Most of our readers have probably been following the recent news regarding consumer fears that iPhones and other smartphones are tracking users’ location information. It was recently discovered that phones operating on iOS and Google’s Android platform transmit the devices’ locations back to the respective companies.

Apple has defended the need for location data to provide optimum service and provided clarification by explaining an individual cannot be located using the data. The Wall Street Journal reports that Apple defends its process, but nonetheless announced a planned software update that will reduce the size of the database cached on the phone and hopefully alleviate user concern.

According to WSJ: “Apple said it maintains a database of Wi-Fi hot spots and cell towers around users’ locations, a process that helps the phone calculate its location. The information is used to quickly find global-positioning-system satellites, a process that otherwise could take several minutes, the company said.”

Related CNNMoney article: “LocationGate was a ‘bug,’ says Apple” (4/27/11)

Related Wall Street Journal article: “Q&A: Jobs and Apple Execs on Tracking Down the Facts About iPhones and Location” (4/27/11)

Related Macworld article: “How the iPhone knows where you are” (4/28/11)

iPhone Poised to Become the Most Popular Camera on Flickr

According to Flickr’s “camera finder” feature, the iPhone 4 is heading towards becoming the most popular “camera” used to submit images to the photo-sharing site. Is the iPhone (and other smartphones with improved camera features) disrupting the point-and-shoot market?

Flickr’s camera finder provides a graph detailing the most popular cameras in the Flickr community, with the Nikon D90 currently at the top. However, the iPhone 4 is on the rise, while traditional point-and-shoot cameras are steadily declining. If the trend continues, the iPhone is poised to take the lead in the near future.

This isn’t the first time a phone may prove more popular than a traditional camera on Flickr. PC World reports that in August 2009, the iPhone edged by the Canon Digital Rebel XTi as the most popular (back when the best iPhone camera only featured 3.2-megapixel resolution).

We recently reported that Cisco had shut down production on the popular Flip camera line, possibly in response to smartphones’ ability to shoot HD video. Is the iPhone still proving disruptive, four years after its initial release? According to GigaOM: “The takeaway is that smartphones are nearing the tipping point in terms of camera quality when it comes to the needs of most average users (professional and prosumer DSLRs continue to do well), and the iPhone 4 is leading that charge. Phones provide a much more convenient on-hand camera experience than do dedicated devices, and the trade-offs in terms of quality and feature are becoming less significant all the time.”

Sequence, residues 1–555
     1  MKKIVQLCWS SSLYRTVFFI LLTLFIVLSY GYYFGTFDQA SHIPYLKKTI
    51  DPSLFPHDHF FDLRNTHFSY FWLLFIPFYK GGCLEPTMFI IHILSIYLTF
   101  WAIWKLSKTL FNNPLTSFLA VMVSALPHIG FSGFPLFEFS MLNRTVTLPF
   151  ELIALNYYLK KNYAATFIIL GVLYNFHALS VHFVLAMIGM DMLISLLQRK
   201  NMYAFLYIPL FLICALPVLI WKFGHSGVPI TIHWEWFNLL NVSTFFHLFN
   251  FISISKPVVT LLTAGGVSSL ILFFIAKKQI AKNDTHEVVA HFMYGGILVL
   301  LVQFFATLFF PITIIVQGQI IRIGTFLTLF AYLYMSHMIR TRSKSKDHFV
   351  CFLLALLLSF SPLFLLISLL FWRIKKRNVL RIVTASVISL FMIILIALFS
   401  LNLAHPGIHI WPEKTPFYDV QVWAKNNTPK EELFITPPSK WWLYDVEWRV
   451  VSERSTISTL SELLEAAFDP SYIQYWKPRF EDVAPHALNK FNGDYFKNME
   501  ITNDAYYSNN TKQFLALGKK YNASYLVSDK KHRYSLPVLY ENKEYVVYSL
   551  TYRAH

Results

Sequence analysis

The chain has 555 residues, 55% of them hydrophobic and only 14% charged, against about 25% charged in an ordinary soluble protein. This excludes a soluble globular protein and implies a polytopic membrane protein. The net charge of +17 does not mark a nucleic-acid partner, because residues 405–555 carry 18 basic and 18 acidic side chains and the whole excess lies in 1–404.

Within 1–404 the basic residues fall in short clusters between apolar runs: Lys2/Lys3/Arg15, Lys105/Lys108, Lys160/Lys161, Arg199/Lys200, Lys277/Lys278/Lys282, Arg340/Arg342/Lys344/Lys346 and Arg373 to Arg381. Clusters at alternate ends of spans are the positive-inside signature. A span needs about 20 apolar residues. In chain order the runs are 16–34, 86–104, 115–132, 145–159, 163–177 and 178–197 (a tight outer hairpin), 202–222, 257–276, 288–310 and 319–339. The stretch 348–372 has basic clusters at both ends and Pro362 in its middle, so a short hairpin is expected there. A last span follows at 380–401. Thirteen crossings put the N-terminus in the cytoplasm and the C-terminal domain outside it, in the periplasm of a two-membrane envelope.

Related PC World story: “iPhone 4 About to Be Most Popular Camera on Flickr” (4/18/11)

Luci Live Enables Live Broadcasting from Mobile Devices

Netherlands-based Technica del Arte, maker of the LUCI series of broadcast software apps, recently announced that its popular Luci Live software is now available for Mac OSX Snow Leopard or higher (MSRP $450).

Luci Live turns mobile devices into portable recording studios, ideal for journalists who want to quickly record and edit video and audio content for HD streaming and live broadcasts. Macworld reports that TV and radio field reporters are using phones and laptops to cover events in locations such as Egypt, Japan, and Libya where traditional broadcasting techniques have recently been impacted by technical limitations.

As long as reporters have an Internet connection, Luci Live (also available in iPhone and Windows versions) is a viable solution.

Click here for more details regarding the $400 iPhone/iPad app.

David Hockney Goes Digital for His Pixelated Period

NPR interviewed David Hockney who has been using his iPhone and iPad to create drawings with the help of a painting app called Brushes. The 73-year-old artist recently held an exhibit of his new artwork in the Pierre Berge-Yves St. Laurent Foundation in Paris. Hundreds of digital works were displayed on 40 screens (20 iPhones and 20 iPads) during the “Fresh Flowers” exhibition that ran through January 30.

Hockney initially became intrigued by the process while observing the morning sun enter his bedroom in Yorkshire, England. He would dip his fingers into the virtual paintbox on the phone’s screen, “paint” some flowers digitally in the morning light, and email to friends. “Incredible little thing, really, because it was like a sketchbook and a paintbox all in one,” the artist says. “No cleaning up. No mess.”

When he made the switch from the iPhone to the larger iPad, Hockney was able to expand upon his work and found he could use more fingers to create his art. Now he travels with the iPad as a substitute for the sketchbooks he always had with him. Old habits die hard, though. “He says he sometimes gets so obsessed that when he’s going, he rubs his finger on his clothes to, like, clean his finger — as if he was using real paint.”